On February 28, 2002 as Gujarat was scarred, profoundly
and irrevocably, through well-planned and meticulously executed acts of
violence, one space in the heart of Ahmedabad, Gulberg Society, saw 70
persons massacred. For over six years, we have together resisted the sale
of this once living housing society to hawks from among the
criminals. Today the space lies vacant but is crowded with battered
Through deeply depressing moments, made worse by
excruciating legal delays, we needed something positive, something
energising and lasting to focus on. This idea of resistance emerged out of
tragedy and gloom, but more particularly, it was born of the close
emotional bonds with each of the victim survivors, our family. On February
28 each year we meet for prayers and remembrances. We now want to do
We know that there will be bumps and roadblocks on
the road ahead as a vindictive state tries to thwart us at every juncture.
We also know that this idea, one of a kind, must be located in
Gujarat. (There is only one such resistance museum on the Indian
subcontinent, in Bangladesh.) We know too that this idea will
become a reality. Part of the battle against the state will be the
building of a movement for the Gulberg Society Museum of Resistance with
support from each and every one of you.
We need you. We need your ideas. For the victim survivors
of Gujarat 2002, for those of us at Sabrang Trust and Citizens for Justice
and Peace (CJP) who have devoted the better part of two and a half decades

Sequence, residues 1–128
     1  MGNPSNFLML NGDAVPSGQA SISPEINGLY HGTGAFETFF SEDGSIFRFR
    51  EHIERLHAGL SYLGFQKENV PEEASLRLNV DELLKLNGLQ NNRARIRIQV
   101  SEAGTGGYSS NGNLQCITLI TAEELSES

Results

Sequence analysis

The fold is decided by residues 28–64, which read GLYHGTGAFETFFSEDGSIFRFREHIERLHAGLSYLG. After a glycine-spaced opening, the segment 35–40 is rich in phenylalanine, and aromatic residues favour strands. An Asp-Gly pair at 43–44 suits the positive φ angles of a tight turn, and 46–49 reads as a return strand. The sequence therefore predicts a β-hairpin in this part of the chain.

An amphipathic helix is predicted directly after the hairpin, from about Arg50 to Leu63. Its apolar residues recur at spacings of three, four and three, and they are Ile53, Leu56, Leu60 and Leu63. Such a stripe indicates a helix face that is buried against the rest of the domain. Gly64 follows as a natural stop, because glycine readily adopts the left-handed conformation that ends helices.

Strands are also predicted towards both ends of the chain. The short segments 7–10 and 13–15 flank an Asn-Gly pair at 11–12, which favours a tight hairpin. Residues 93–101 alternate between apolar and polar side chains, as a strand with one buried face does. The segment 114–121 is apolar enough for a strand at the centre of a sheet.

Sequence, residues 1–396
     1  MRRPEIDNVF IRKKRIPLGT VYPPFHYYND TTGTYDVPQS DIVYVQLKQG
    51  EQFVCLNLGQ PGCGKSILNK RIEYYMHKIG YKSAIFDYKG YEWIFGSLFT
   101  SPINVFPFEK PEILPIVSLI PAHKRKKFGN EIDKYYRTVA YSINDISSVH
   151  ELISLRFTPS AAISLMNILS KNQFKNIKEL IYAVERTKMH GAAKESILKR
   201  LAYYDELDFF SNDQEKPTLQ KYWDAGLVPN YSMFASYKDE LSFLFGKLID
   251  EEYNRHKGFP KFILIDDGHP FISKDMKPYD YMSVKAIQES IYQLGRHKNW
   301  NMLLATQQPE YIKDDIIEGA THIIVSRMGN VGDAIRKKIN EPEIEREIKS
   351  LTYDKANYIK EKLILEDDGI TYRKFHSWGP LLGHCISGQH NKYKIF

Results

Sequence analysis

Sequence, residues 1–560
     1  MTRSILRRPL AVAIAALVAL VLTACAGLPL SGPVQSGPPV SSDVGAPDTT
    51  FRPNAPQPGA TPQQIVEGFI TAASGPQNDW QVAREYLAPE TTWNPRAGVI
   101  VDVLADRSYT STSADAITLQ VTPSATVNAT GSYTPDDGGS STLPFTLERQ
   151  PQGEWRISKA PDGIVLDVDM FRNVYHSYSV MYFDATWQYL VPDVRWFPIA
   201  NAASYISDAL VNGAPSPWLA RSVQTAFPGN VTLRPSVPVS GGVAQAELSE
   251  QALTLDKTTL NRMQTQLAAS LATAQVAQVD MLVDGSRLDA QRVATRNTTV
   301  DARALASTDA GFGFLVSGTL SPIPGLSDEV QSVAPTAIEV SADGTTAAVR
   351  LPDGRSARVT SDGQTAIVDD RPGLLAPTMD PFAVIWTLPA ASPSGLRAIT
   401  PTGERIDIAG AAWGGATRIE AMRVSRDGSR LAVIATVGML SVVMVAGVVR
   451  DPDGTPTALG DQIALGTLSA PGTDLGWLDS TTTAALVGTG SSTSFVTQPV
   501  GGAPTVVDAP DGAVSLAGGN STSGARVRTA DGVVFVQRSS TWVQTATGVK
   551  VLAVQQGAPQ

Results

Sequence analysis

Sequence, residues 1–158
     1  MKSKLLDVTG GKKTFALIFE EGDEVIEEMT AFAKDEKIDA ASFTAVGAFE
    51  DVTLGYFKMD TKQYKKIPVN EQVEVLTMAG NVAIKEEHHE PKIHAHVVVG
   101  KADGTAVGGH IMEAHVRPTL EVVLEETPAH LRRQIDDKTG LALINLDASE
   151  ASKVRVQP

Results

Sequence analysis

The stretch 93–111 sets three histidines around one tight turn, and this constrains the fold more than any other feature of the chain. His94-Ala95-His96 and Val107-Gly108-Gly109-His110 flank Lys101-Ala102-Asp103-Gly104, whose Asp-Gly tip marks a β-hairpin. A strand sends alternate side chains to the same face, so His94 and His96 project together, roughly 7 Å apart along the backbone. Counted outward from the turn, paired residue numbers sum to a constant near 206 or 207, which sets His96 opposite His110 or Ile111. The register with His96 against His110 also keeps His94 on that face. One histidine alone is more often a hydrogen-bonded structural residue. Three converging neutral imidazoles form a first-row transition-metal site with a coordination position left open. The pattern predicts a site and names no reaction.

to battling the forces of communalism, hatred and division, this will be a
unique effort, the first of its kind. All the documentation, the posters
and the films that we have accessed and archived, including our own, will
be housed in the Gulberg Society Museum of Resistance.Narratives
of survivors, of victim communities, will enjoy a special focus here.
As a people, we need to have the courage to look the
causes and effects of hatred and violence in the face.
A vigil will be held at Gulberg Society on February 28,
2008 to commemorate six years of the Gujarat genocide of 2002 and to
formally inaugurate this idea and movement.
For nearly six years now, more than a hundred thousand
survivors of independent India’s state-sponsored carnage in the western
Indian state of Gujarat have been denied dignified acknowledgement of, or
reparation for, the magnitude of indignity and violence they suffered.
With the BJP’s recent electoral victory in the state, the pain and
humiliation of the victim survivors has been further exacerbated. A quiet
yet dignified and firm resistance to this state callousness and impunity
lies at the heart of this idea of resistance.
Located in the heart of Ahmedabad city, Gulberg Society,
Meghaninagar, the scene of a daylong massacre in which 70 persons were
killed, offers the site for this resistance. Waiting for justice, for six
long years the survivors have withstood selling out to hawkish buyers who
would be happy to obliterate any visible public memory of the carnage.
This idea offers us all, private citizens, foundations and entrepreneurs,
the opportunity to build a professional institution that energises the
survivors and human rights defenders who have stood by them.
The Gulberg Museum of Resistance project will be
undertaken by Sabrang Trust and CJP and will include survivors on the